Physiological Changes In Ageing

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The ageing process is inevitable for all living organisms. Therefore, you need to expect a lot of physiological changes when you leave your youthful years behind. But don’t be discouraged; after all, there are several things you can do to keep these changes at bay and look physically younger than your chronological age. Having a healthy diet, exercising on a regular basis, cultivating a positive attitude — these are some of the steps you can take to delay the onset of age-related problems.

The key here now is to identify what physiological changes you must anticipate when the ageing process sets in. Some of the things you’ll notice include:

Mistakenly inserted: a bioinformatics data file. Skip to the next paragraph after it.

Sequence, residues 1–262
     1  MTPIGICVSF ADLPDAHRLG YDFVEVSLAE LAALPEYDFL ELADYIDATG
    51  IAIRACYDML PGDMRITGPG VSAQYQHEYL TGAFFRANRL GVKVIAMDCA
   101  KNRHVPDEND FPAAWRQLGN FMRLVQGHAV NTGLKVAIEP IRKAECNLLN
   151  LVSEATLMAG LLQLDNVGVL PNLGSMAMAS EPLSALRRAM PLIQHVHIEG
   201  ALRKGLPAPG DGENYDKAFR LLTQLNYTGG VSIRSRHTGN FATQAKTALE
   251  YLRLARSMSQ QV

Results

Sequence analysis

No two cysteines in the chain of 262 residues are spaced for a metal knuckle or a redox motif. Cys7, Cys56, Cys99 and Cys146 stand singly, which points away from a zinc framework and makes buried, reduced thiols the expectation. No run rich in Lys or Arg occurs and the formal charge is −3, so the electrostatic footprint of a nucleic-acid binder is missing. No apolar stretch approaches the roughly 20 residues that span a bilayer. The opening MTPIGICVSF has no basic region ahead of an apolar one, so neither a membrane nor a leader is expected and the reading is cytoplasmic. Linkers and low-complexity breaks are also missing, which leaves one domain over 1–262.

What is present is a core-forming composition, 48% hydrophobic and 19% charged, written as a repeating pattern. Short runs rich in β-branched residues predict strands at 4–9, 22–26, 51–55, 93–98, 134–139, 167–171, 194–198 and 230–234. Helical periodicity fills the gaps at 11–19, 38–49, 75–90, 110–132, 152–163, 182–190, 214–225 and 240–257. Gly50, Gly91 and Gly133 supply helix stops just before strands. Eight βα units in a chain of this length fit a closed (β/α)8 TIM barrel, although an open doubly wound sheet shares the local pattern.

Shift in Sex Hormones

The reproductive organs are some of the most affected parts of the body when
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Bones become weaker and susceptible to fracture as people age and, consequently, it’s one of the main reasons why seniors are more prone to falling accidents. These changes affect the female population more than males; oestrogen helps in controlling the bone forming and resorption processes in the body so, when oestrogen levels fall during the menopausal stage, women become more prone to developing weaker bones.

Other than that, the ageing process also causes ligaments to lose their elasticity, which can cause joint stiffness and lead to lower flexibility. To counterbalance these changes, you need to incorporate exercise into your daily schedule. Working out can help you maintain a wide range of motion and maintain good balance, flexibility and coordination, which means you can stay away from injuries even as you grow older.

Aside from exercise, increasing your calcium intake also help in strengthening your bones. Eat foods that are high in calcium (such as milk, yoghurt, cheese and dark, leafy green vegetables) and take supplements that contain this important mineral.

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